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Social Justice

Yes, some prisoners will be released early before Christmas – but it can actually make victims safer

Rules prevent prisoners being released on Christmas day. Experts say this helps everyone

Letting prisoners out early might seem like a surprising idea. But thanks to the way Christmas falls this year, any inmates with release dates between Friday 22 December and Boxing Day on Tuesday 26 December will be released on Wednesday 20 December.

What you might not know is this reduces reoffending and the risk to victims – instead of putting prisoners out on the streets when support services are closed.

It’s something the Big Issue has campaigned on, with our founder John Bird using his seat in the House of Lords to change the law this year.

“It’s well established that making sure ex-offenders are set up with the support they need on release is critical when it comes to preventing re-offending – it’s why I sponsored legislation in parliament to end Friday releases,” said Bird.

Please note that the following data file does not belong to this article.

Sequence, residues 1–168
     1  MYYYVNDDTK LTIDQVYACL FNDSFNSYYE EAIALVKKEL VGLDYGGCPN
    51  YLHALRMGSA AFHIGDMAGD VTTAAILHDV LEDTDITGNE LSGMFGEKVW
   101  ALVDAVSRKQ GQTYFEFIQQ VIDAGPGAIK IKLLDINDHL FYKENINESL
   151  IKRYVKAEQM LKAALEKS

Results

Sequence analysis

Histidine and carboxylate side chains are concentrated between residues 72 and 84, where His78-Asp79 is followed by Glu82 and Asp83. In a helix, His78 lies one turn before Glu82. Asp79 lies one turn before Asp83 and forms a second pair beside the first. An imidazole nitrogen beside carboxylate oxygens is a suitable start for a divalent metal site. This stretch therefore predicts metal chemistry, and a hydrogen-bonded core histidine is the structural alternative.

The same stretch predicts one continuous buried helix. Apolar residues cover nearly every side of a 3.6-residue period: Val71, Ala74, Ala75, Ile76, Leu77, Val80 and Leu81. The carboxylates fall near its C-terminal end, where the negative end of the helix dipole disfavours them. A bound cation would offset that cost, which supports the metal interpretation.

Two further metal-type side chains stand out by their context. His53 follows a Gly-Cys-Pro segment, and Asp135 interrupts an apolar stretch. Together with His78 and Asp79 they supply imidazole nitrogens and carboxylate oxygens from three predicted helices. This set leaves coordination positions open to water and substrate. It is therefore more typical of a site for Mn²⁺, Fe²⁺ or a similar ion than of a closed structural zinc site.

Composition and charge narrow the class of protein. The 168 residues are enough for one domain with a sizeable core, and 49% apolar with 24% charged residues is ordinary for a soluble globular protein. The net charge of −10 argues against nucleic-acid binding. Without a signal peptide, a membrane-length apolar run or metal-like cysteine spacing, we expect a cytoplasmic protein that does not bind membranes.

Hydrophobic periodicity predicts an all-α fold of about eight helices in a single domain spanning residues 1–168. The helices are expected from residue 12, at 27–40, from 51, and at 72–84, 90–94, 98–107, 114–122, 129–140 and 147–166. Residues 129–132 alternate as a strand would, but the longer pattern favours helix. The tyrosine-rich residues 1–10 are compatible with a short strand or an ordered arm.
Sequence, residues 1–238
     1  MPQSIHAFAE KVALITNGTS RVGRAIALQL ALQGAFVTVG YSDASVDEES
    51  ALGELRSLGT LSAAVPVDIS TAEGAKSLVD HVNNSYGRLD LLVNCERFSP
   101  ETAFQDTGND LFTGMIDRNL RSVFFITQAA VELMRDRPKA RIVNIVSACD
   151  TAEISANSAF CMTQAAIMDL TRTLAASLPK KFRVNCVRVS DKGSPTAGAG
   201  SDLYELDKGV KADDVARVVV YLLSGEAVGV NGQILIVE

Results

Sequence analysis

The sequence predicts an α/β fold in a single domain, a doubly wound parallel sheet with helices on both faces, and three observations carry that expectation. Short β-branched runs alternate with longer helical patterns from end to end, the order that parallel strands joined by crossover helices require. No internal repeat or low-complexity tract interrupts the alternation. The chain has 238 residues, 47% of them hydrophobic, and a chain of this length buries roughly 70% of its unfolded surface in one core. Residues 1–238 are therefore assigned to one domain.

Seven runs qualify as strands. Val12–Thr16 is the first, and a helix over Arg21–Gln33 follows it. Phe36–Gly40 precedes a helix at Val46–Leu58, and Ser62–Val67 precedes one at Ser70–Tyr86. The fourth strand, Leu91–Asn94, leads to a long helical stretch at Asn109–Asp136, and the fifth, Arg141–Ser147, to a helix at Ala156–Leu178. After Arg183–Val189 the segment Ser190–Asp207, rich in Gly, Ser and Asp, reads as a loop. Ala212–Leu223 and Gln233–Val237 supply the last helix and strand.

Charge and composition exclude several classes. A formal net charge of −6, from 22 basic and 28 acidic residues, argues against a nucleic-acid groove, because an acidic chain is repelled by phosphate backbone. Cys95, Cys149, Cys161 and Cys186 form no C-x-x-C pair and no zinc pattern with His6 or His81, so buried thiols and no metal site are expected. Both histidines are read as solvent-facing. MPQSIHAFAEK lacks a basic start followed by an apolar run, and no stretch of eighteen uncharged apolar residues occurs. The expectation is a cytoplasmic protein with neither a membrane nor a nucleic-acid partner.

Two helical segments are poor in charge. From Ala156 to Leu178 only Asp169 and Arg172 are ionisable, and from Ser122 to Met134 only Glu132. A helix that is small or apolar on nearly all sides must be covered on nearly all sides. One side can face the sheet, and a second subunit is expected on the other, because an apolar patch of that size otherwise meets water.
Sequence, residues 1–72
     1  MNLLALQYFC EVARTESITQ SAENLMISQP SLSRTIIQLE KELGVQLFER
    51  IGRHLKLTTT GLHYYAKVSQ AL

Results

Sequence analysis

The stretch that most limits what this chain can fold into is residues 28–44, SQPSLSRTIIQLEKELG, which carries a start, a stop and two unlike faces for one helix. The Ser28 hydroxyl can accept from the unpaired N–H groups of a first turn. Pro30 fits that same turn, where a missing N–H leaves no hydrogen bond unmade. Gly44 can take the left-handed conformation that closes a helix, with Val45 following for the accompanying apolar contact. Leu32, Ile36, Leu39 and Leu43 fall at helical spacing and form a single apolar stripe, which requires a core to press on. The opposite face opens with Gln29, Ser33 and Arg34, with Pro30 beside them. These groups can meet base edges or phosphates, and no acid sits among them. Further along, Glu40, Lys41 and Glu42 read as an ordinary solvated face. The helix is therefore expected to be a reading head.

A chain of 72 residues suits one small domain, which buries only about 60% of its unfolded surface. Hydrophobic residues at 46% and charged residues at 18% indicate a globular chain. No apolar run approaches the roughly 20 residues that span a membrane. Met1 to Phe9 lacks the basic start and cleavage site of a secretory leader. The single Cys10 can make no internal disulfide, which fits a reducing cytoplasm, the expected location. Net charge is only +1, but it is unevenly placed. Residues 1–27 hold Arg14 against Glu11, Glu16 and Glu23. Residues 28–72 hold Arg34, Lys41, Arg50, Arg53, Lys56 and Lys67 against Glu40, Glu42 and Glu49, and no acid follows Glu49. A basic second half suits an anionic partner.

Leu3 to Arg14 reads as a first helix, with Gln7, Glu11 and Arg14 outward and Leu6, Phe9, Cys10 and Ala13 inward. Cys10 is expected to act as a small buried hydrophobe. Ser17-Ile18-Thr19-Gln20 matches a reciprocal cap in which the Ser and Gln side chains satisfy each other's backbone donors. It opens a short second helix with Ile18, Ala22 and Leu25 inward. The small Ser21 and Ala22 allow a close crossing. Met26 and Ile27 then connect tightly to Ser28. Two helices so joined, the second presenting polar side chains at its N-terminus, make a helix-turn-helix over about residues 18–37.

The government is meeting a pre-existing legal requirement that means prisoners are let out early if their release date falls on a weekend or bank holiday, like Christmas Day – but that hasn’t stopped a tabloid frenzy.

“FIENDS’ EARLY RELEASE” raged The Sun, warning those serving sentences for violent and sexual offences will be freed up to six days early.

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Last time this happened at Christmas it resulted in 505 prisoners being released early, The Sun reported.

But if somebody has served their time and is ready for release, then handling it well can help reduce risk and vulnerability, Bird added: “Mitigating that risk is the best way to protect victims – not putting prisoners in a situation that increases desperation and the chances of them making another bad decision.”

Early releases give people coming out of prison the building blocks to turn their lives around, said Helen Berresford, director of external engagement at criminal justice charity Nacro.

“For people released from prison on a Friday and the day before a public holiday the day of release can be a race against the clock as they try to find somewhere to stay, get health support, apply for benefits and see their probation officer before the weekend,” Berresford said. 

“This stress is compounded when services are shut for even longer. Too many are left sleeping rough, without medication or enough money. Without the right support in place, we are simply setting people up to fail.”

As well as helping with the rehabilitation process, it also means victims are safer, Berresford added: “Giving people the resources to start again when they come out of prison is the best way to reduce reoffending, meaning less crime, less cost to the public and most importantly less victims.” 

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